Let libmyLib.so be the name of the compiled library. Also let myGatewayFile.cu be the mex gateway file that has the above content. You then need to navigate to the directory containing these files in MATLAB and invoke the following command:

!nvcc -O0 -std=c++11 -c myGatewayFile.cu -Xcompiler -fPIC -I/usr/local/MATLAB/R2014a/extern/include -I/usr/local/MATLAB/R2014a/toolbox/distcomp/gpu/extern/include -L./ -lmyLib;
mex -g -largeArrayDims myGatewayFile.o -L/usr/local/cuda/lib64 -L/usr/local/MATLAB/R2014a/bin/glnxa64 -lcudart -lcufft -lmwgpu -L./ -lmyLib -lstdc++

¬†NOTE: “!” in MATLAB means that whatever command comes afterwards is to be sent to the¬†OS command line.

In the above code, we are simply invoking¬†the NVIDIA C Compiler (nvcc) and asking it to create an object file¬†for the mex gateway file “myGatewayFile.cu”.¬†Note that we are also specifying libmyLib.so¬†as a dependency (using the -l switch — That’s a small case L). Then, we are asking mex to link the object file with all of its dependencies and create a mexa64 file. Any¬†additional libraries that the gateway function requires can be specified here.

The result of this process is a mex-function which can be invoked just like any other MATLAB function. Note that the above code permits using C++11 commands and syntax in all of the files. In fact, I developed a CUDA library using CUDA C and C++11 and built a mex file off that and everything is working perfectly! ūüôā Also, the optimization flags (-O3 or -O0) can be passed here as well.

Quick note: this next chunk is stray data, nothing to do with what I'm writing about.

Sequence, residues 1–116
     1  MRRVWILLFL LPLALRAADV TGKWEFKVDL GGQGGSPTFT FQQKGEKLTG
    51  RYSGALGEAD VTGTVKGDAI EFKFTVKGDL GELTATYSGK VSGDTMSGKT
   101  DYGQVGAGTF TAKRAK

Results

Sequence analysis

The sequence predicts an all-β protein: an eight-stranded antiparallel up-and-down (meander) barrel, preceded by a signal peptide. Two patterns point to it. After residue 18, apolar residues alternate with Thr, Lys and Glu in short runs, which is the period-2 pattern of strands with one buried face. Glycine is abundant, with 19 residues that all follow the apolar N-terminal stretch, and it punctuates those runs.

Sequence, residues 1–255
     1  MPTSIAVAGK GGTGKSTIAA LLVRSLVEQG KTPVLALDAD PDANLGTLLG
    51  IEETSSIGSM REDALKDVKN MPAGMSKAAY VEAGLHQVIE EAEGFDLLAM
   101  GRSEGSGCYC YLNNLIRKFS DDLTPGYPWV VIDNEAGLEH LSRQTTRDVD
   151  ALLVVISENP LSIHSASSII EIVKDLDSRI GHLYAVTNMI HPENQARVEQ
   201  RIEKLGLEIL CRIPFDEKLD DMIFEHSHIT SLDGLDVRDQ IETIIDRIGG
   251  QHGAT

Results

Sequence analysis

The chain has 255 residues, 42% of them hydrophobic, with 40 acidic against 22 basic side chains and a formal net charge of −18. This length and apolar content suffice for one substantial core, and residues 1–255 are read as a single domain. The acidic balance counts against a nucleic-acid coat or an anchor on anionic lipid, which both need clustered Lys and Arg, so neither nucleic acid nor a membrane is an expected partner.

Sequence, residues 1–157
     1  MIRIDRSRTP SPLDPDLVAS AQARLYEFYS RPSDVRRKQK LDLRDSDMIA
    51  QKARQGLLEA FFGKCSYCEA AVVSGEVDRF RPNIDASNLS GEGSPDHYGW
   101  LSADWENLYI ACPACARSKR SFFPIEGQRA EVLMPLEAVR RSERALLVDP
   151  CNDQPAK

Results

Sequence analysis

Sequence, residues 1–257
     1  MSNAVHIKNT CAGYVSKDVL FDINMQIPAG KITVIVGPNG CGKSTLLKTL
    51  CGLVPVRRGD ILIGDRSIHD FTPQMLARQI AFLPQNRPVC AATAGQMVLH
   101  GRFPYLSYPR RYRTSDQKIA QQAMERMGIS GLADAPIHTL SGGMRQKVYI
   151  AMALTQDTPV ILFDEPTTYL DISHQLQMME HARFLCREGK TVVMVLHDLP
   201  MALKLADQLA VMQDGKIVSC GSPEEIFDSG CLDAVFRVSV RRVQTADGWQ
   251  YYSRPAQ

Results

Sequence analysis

Other Tips about the MEX Gateway Function:

Here, I’ll provide some handy tips about¬†some MEX API functions that are useful in the gateway function.

  • Print a message (aka printf):
    mexPrintf("This is message number %d", intNumber);


  • Throw error general errors (eg. for when arguments are mismatched):
    mexErrMsgTxt("Input should be only a single matrix \n");


  • Get the type of an input argument:
    if (mxGetClassID(prhs[0]) != mxSINGLE_CLASS)
    		mexErrMsgTxt("Input image must be of type SINGLE\n");


  • Get the size of each dimension of an input argument:
    const mwSize *dims = mxGetDimensions(prhs[0]);


  • Get the number of the¬†dimensions of an input argument:
    mwSize ndim = mxGetNumberOfDimensions(prhs[0]);


  • Get a scalar value from input parameters:
    int filterSize = (int)((double)mxGetScalar(prhs[1]));


  • Get the data of an input argument (MATLAB passes the data in column-major format!)

    float* image = (float*)mxGetData(prhs[0]);


  • Create 2D¬†output array in MATLAB:
    plhs[0] = mxCreateNumericMatrix(1, length, mxSINGLE_CLASS, mxREAL); // Creates a 1xlength matrix of type float (or Single in MATLAB)


  • Create n-D output array in MATLAB:
    plhs[0] = mxCreateNumericArray(ndim, dims, mxSINGLE_CLASS, mxREAL);


Finding all these information took a considerable amount of time. I hope you enjoy the tips here and find them useful! ūüėČ

1 comment

    • chris on December 4, 2019 at 8:50 AM
    • Reply

    Wow, this saved me a lot of trouble. So there’s no need to buy the parallel processing toolbox from mathworks at all.